GLOBAL MARKETS-Wall St sinks on fears of tougher Russia sanctions; dollar cuts gains

Wed Mar 26, 2014 5:29pm EDT

(Updates to U.S. markets close)

* Dow, S&P 500 and Nasdaq all down on Russia tensions

* Dollar off highs, euro down; U.S. bond yields rise after 5-year auction

* Emerging market stocks rise, gold near 5-week low

By Barani Krishnan

NEW YORK, March 26 (Reuters) - U.S. stocks fell on Wednesday, led by fresh selling in technology shares after the West agreed to prepare possibly tougher sanctions to punish Russia over Ukraine, while the dollar pared gains made on strong U.S. economic data.

U.S. Treasury debt prices moved higher after the government sold $35 billion in new five-year notes amid strong demand from fund managers and other investors, while gold remained near 5-week lows on a lack of physical bullion buying.

After a summit with top EU officials, President Barack Obama said the United States and the European Union agreed to prepare possible tougher penalties for Russia, including the energy sector, to make Europe less dependent on Russian gas.

"This could be a non-event if the market wasn't at the level that it is now. Because we are still near record highs, this kind of geopolitical news can make investors more nervous," said Peter Cardillo, chief market economist at Rockwell Global Capital in New York.

The Dow Jones industrial average ended down 98.89 points, or 0.60 percent, at 16,268.99. The Standard & Poor's 500 Index fell 13.06 points, or 0.70 percent, to 1,852.56. The technology-heavy Nasdaq Composite Index lost 60.69 points, or 1.43 percent, to 4,173.58, a bottom not seen in six weeks.

Stocks in the S&P healthcare and telecom sectors, which led a morning rally, sharply pared gains.

Among technology shares, Facebook closed down 7 percent at $60.38. The Nasdaq biotech index slid 2 percent and was down almost 5 percent for the week so far for its worst week since mid-October.

"From a fundamental standpoint, people are not sure if growth can be sustained with many continuing headwinds, i.e., the Russia-Ukraine rhetoric; off-again, on-again concerns about China, and the approaching quarter-end profit-taking in biotech and momentum stocks," said Adam Sarhan of Sarhan Capital in New York.

While China is a concern, some investors are also counting on Beijing taking steps to bolster its economy. There is a growing bet that China will launch stimulus measures as economists expect the world's No. 2 economy to miss the government growth target of 7.5 percent this year.

"Investors are betting on stimulus because Chinese authorities have done everything they could to achieve the target in the past," said Sho Aoyama, senior market analyst at Mizuho Securities.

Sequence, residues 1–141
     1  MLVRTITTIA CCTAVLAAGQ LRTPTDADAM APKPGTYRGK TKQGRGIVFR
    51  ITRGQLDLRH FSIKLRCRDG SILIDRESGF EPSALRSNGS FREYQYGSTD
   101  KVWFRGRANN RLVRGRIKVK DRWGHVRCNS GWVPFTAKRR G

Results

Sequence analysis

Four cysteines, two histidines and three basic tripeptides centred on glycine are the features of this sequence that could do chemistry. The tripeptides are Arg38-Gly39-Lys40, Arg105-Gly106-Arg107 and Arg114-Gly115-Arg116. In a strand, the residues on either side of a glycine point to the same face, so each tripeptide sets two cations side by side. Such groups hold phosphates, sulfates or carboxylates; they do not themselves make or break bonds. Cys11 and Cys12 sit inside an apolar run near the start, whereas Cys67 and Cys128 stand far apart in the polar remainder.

European stocks ended in positive territory for a second day. London's FTSE finished flat while Germany's DAX rose 1.2 percent and France's CAC gained 0.9 percent.

The MSCI emerging equities index climbed 1 percent, its biggest gain in almost three weeks, helped by a recovery in Russian stocks and in Poland and Hungary .

In the latest snapshot of the U.S. economy, orders for durable goods rose more than expected in February, ending two straight months of declines. Financial data firm Markit's preliminary composite Purchasing Managers Index showed private-sector economic activity accelerated in March at a faster clip than in February as the services sector picked up.

The stronger U.S. data initially bolstered the dollar index while the euro fell European Central Bank officials ramped up efforts to talk down the currency.

ECB governing council member and Bundesbank chief Jens Weidmann said negative interest rates were an option to temper euro strength.

The euro traded lower for a second straight day at $1.3784 , not far from the three-week trough of $1.3749 hit on Tuesday. It was also lower against the yen at 140.61.

The dollar index edged up just 0.1 percent, off an earlier gain of as much as 0.3 percent.

U.S. Treasuries yields fell slightly after the auction. The benchmark 10-year U.S. Treasury note was up 12/32, its yield at 2.6901 percent.

Two- and five-year notes have been the worst performers since Federal Reserve Chair Janet Yellen said last Wednesday that the U.S. central bank could raise interest rates six months after its current bond-buying program ends, suggesting a potential rate hike as early as the spring of 2015.

In precious metals trading, spot gold was at $1,303.60 an ounce after plumbing a 5-week bottom of $1,300.09. (Additional reporting by Alistair Smout in London and Hideyuki Sano in Tokyo; Editing by Larry King, Dan Grebler and Jan Paschal)

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